‘Light Him Up’ campaign a success

No successful break-ins reported during awareness week

MANISTEE — The message of the Light Him Up, Lock Him Out campaign was heard loud and clear.

The campaign, coordinated by the City of Manistee Police Department and Second Street Neighborhood Watch founder Julia Cook, ran from Nov. 1 to 7 in the City of Manistee and was created in response to break-ins over the summer in the city.

It encouraged residents to leave their porch lights on outside their home in an attempt to prevent break-ins in the city.

“We had a lot of participants, and as I drove around, I felt like there was a lot of people out there (that participated),” said David Bachman, City of Manistee public safety director.

He said by the middle of last week, there were no break-ins. There was one attempted break-in on Saturday morning on Ninth Street.

“There were no successful home invasions this week,” he said. “I’m absolutely delighted to hear that.”

Bachman said his neighborhood was lit up well, and every section of the city had more lights on than normal.

He said although the awareness week is over, the tool was effective in terms of crime prevention.

“I’d like to see people keep doing it,” Bachman said. “It’s really more of just being aware of what’s going on around you. If you can take away those opportunities for someone to break in your house, I think it’s a smart move.”

More cars and officers are patrolling the city, he said.

“We’ve changed some shifts around; we’ve got more bodies out there, more cars out there and we know whom we’re looking at,” he said.

Even though the campaign is over, Cook said the conversation about home and personal safety has started in Manistee.

“We’re now having the conversation,” Cook said. “So many people said ‘I lock everything and I’m looking at my neighbor’s house’.”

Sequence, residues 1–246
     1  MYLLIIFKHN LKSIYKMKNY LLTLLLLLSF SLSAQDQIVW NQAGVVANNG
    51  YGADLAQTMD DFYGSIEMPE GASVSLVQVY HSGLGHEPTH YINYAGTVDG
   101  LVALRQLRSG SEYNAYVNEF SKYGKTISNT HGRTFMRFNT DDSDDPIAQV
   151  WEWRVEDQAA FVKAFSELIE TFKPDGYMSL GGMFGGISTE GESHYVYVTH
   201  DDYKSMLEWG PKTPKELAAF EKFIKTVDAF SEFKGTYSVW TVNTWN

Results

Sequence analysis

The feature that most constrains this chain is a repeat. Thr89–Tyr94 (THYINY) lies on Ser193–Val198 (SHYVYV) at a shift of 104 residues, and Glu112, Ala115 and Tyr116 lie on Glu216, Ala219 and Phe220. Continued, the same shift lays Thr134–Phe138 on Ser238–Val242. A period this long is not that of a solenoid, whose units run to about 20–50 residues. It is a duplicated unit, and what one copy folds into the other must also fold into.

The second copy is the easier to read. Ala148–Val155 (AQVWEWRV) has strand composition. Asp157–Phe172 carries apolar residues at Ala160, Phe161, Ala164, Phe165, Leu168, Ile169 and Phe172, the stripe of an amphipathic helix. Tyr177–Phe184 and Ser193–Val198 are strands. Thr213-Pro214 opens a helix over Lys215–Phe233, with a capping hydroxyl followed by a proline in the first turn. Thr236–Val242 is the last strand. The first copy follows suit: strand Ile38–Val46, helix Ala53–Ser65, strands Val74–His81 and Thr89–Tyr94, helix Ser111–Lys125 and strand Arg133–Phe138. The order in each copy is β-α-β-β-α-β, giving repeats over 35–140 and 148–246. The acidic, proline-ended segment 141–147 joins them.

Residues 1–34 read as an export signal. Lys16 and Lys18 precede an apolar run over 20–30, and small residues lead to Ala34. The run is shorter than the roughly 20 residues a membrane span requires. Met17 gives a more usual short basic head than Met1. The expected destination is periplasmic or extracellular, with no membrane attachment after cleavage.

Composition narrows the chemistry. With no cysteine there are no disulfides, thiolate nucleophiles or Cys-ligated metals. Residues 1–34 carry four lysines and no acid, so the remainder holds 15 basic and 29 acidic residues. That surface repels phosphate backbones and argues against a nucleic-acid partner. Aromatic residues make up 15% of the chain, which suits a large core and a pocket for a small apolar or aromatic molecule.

Bachman said he doesn’t want people to be suspicious of everyone around them, however.

“We don’t want that,” Bachman said. “You’ve got to assume that most people out there are behaving well and doing what they’re supposed to be doing, but there are things you look at (such as) people standing still, hiding and looking in windows.”

Cook echoed Bachman’s sentiments.

“You know what’s normal and what’s not normal,” she said. “I know who lives in the houses. I know who should be coming and going.”

Other lights were on at homes in Filer City and Parkdale, Cook said.

“I think it has made a difference,” she said. “If nothing else, it caused conversation. I do think people are taking back some of their comfort. I think the message is ‘this is our town, this is my property and this is my neighborhood. I want to be part of the solution,’. I think Manistee stepped up.”

After the campaign, both Cook and Bachman said residents who liked having their lights on can continue to do so.

The week-long campaign will take place again in the spring of next year when daylight saving time ends.

avatar

Posted by Sean Bradley

Sean is the city and cops and courts reporter for the News Advocate, he also is in charge of the entertainment and Reasons to Celebrate pages. He can be reached at (231) 398-3109 or sbradley@pioneergroup.com.

Leave a Reply